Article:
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The Back Page
by Bryan Chaffin

Uh-oh, Steve Jobs May Be Finished
October 8th, 1999

A couple of months ago I shared a two-part column with our own Wes George about whether or not Apple was for sale. Mr. George argued from the standpoint of a Wall Street analyst. After examining the many things happening at Apple at that time, his conclusions were that Apple was in fact for sale.

My argument was that while all that may be true (Mr. George knows his stuff), it did not apply to Apple. This was because I felt that Steve Jobs was not finished with what he set out to do. Well what if that has changed? What if he is finished after all? What if he has completed all that he set out to do?

Houston, we have a problem.

Three months later, we can jump to Mr. Jobs introduction of the new iMac line. There was something about the way he was presenting these new products that caused a fundamental shift in the way I perceived Steve Jobs. It was the look in his eyes, the sound of his voice, and even his very posture that showed me something in him that I have not seen before.

When I said before that I did not think that Mr. Jobs was finished with his plans at Apple, I was talking about building insanely great machines. I was also talking about a future that involved the kind of digital appliances that are currently the work of science fiction. My thoughts were that Mr. Jobs was working towards that future. In effect, even the great products that Apple is shipping today are nothing more than warmed over reworks of existing paradigms. I felt that Mr. Jobs saw these products as merely being the first step towards those future products. When everything was said and done, sometime in the future, Apple would be the Sony of the computer world as we all toted around our lapel pin computers with nifty holographic projectors for view screens.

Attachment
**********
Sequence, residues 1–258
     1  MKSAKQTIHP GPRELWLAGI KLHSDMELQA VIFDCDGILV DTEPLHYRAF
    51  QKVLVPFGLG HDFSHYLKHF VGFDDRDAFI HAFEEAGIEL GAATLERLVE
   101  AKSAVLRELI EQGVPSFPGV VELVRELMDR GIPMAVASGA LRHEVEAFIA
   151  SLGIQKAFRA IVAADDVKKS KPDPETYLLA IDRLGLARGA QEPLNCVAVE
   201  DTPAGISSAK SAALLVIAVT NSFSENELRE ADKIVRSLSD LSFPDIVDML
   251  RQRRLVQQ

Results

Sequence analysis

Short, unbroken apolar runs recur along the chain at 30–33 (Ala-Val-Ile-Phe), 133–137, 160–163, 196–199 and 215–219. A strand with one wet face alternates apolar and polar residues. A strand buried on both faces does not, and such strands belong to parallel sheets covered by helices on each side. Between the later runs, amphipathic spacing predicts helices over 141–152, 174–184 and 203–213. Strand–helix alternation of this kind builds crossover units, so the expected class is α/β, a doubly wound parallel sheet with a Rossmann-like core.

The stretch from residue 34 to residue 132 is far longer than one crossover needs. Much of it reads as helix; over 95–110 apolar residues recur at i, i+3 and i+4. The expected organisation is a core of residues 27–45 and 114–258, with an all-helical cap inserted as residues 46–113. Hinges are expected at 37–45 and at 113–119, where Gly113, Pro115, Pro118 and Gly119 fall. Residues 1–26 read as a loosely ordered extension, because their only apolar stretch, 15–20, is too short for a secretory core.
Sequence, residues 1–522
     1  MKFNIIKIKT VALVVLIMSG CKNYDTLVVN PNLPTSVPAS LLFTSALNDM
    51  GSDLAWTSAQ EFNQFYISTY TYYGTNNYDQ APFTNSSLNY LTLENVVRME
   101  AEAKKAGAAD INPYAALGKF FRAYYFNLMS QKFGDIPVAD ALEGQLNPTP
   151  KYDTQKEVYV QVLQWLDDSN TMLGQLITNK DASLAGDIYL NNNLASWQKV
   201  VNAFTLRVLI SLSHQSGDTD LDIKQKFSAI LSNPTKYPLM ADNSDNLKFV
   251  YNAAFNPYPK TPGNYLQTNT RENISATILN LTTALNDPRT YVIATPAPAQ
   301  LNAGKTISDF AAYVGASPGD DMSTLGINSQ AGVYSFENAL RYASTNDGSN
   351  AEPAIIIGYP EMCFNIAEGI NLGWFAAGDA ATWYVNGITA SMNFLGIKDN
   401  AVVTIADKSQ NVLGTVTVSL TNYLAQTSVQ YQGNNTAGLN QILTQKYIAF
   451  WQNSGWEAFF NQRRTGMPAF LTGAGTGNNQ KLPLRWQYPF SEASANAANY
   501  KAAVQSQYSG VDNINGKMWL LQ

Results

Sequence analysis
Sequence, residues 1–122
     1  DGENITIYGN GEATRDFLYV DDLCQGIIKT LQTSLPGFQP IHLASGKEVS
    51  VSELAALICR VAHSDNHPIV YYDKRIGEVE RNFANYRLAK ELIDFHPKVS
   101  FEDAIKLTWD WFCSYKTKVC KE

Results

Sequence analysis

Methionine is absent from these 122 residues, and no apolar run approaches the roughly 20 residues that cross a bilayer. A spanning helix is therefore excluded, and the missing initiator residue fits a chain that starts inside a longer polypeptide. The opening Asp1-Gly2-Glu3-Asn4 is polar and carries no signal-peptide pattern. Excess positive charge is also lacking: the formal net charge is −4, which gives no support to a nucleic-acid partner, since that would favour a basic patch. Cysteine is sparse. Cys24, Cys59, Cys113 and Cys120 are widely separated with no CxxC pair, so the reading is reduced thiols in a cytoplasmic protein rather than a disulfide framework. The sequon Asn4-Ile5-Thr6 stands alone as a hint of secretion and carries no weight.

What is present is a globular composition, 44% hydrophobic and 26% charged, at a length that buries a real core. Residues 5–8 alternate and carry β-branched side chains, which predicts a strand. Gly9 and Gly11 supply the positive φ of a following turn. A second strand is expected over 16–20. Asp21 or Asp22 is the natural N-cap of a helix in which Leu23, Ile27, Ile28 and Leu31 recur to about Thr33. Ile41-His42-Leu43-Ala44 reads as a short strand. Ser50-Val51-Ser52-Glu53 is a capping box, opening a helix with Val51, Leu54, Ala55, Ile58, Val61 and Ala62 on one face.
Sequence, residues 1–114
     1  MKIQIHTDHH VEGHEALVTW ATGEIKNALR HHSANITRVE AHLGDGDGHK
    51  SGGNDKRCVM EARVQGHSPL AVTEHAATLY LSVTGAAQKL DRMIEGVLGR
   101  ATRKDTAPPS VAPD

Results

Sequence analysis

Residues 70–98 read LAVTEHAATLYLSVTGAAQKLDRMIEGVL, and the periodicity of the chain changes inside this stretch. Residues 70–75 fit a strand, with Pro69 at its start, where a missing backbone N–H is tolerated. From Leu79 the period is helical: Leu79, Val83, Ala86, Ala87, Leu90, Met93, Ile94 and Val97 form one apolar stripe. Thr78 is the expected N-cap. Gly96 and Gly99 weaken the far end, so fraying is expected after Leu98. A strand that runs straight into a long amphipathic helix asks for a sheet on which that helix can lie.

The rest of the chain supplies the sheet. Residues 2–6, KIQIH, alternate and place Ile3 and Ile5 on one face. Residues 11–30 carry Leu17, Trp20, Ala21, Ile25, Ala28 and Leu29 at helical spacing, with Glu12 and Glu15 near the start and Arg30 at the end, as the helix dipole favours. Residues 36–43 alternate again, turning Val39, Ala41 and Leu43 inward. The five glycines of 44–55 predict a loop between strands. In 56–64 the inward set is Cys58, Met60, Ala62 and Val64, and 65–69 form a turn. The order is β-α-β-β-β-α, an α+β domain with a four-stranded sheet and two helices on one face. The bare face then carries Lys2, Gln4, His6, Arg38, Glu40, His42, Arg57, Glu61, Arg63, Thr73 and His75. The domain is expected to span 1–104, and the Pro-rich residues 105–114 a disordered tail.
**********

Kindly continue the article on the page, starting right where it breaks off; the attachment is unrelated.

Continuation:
A part of me still thinks that this may be true. However, enough has changed since I wrote that editorial that I have rethought the situation.

The biggest of these changes comes from Apple's current product line. With the PowerBook G3, the iBook, the PowerMac G4, and the new iMac product lines all shipping (more or less), Apple has a complete product line for the first time in at least 2 years. As Mr. Jobs himself pointed out in the iMac event, all of Apple's product line has either been introduced or updated within the last five months. That almost sounds like a goal doesn't it? All of Apple's product lines have been introduced or rejuvenated. That's a fairly remarkable feat to say the least, especially considering the fact that one of those products is utterly brand new (iBook), and one other might as well have been (iMac DV).